More than 2 years ago the hellish Covid-19 pandemic hit us, just as it did in every other city in America.  Our council, led by the tireless Mayor Katrina Foley (who has earned your vote for her seat on the Orange County Board of Supervisors, by the way) and John Stephens as Mayor Pro Tem, helped provide the leadership to get out ahead of this issue before any other Orange County city.  Right off the bat they rejected the Governor’s scheme to house 60 infected people from an airliner in northern California at the under-used Fairview Developmental Center - right in the heart of our city.  They crafted emergency ordinances to govern mask-wearing, short-term rental assistance, rules to keep covid-affected renters from being evicted, and much, much more.  And, they made the tough decisions and managed to keep a balanced budget without tapping municipal reserves.


Recently the State slammed our city with the demand for us to plan for 11,760 new dwelling units during the next 8 years (now 7 years), then told us our “Measure Y”, constraints passed by the voters in 2016, effectively created a roadblock to preclude the city from completing a required satisfactory Housing Element.  The failure to do so would cause the city to be penalized $100,000 per month, become ineligible for ALL State grant funds and - the worst part - lose all local control over development in our city - the State would take over.  So, with that gun to our head, in January the council appointed an Ad Hoc Committee of Mayor Pro Tem Marr, Councilwoman Reynolds and Councilman Jeffrey Harlan - a land planner and lawyer - to assess this problem and come up with a solution.  That effort resulted in what is now known as Measure K.  This ordinance, which is on the November 8th ballot, will basically de-fang Measure Y and thereby permit development of the much-needed (and State-demanded) new housing units, some of which will be affordable housing units.  To facilitate that action an Inclusionary Housing Ordinance is being crafted and will be presented to the council for consideration by December.


The Ad Hoc Committee has been roundly criticized by the people who conceived and marketed Measure Y, stating it would gut their product and “take away the vote of the people” on development decisions.  This, of course, is a flat-out lie!  Should Measure K pass next month ANY project submitted to the city for consideration will have to run the gauntlet of bureaucratic hurdles - including approvals from the Planning Commission and City Council.  At every step of the way residents or other interested parties have the opportunity to express themselves before those official bodies and/or write to them in detail with their concerns.  Measure Y was passed 6 years ago and, as I mentioned above, not a single project has been placed before the voters.  Any developer - every developer - will simply take their development dollars and expertise elsewhere when faced with spending tons of money and time, only to be informed that they now must go before the vote of the people.  Our city will shrivel under these constraints.  Our major commercial and industrial corridors will atrophy and our economic vitality will wither.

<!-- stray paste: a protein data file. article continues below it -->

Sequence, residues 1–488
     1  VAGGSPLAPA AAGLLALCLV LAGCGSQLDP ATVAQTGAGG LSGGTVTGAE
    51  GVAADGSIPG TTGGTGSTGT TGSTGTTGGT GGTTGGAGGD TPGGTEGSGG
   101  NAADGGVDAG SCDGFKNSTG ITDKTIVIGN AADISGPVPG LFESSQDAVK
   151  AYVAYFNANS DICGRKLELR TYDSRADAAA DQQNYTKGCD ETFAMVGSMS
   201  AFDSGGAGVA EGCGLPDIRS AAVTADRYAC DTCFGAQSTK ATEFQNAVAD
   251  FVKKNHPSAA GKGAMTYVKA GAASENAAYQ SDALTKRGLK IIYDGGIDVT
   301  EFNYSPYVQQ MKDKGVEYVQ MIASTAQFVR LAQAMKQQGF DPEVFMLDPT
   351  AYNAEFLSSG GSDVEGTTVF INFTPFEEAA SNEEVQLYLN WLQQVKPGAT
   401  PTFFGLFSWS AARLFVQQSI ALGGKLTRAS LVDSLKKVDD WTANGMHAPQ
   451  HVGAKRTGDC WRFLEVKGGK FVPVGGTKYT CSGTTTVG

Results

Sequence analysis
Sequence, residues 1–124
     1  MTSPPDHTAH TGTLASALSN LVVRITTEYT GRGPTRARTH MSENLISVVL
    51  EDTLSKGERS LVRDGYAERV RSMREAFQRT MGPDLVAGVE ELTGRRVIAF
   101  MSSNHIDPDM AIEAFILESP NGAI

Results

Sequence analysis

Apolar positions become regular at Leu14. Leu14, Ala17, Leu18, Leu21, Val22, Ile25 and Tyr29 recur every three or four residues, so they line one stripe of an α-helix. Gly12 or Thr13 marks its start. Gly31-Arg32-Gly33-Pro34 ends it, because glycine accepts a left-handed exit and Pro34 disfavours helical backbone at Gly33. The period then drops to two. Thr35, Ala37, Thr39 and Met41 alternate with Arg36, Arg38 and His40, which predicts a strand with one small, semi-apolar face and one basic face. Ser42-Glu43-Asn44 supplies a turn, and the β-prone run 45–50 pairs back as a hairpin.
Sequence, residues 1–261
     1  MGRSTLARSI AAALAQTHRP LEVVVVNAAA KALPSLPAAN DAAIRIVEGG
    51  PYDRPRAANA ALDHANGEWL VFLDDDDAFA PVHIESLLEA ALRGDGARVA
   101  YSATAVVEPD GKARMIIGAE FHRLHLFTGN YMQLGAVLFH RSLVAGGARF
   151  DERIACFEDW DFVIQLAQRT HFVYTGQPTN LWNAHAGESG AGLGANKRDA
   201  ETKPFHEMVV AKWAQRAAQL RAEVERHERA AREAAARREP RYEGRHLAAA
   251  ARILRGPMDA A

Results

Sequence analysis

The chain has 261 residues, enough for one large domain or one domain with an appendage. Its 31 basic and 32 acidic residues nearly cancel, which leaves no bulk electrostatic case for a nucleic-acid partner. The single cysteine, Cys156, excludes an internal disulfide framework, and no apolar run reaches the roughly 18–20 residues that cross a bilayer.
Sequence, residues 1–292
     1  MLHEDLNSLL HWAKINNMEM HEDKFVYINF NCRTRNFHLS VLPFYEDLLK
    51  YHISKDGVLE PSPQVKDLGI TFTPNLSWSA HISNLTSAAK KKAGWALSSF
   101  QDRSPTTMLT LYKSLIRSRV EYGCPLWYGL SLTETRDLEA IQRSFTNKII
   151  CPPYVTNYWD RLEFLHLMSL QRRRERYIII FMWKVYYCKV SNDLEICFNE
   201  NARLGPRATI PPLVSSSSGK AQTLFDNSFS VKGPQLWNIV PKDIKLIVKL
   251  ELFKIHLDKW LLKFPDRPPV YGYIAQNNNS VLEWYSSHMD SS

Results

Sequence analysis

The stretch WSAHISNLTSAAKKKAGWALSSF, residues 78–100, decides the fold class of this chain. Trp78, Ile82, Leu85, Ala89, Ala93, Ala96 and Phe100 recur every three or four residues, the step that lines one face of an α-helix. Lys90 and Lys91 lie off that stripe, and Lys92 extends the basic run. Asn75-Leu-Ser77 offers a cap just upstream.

I wrote all the above to make a point. This time around Mayor John Stephens, a former council member who was appointed mayor when then-mayor Katrina Foley was elected to the Board of Supervisors, is being challenged by Republican John Moorlach - a partisan who has held positions on the Board of Supervisors and in the State Senate.  Moorlach’s record in those roles is undistinguished, although some tout him as being a financial expert because he predicted the Orange County bankruptcy two decades ago.  Stephens, on the other hand, has been an instrumental part in leading Costa Mesa through a series of crises including the homelessness issue and the covid pandemic.  In both those cases Costa Mesa has led the way among all Orange County cities in dealing with those issues effectively, in great part due to the wisdom, energy and leadership of John Stephens.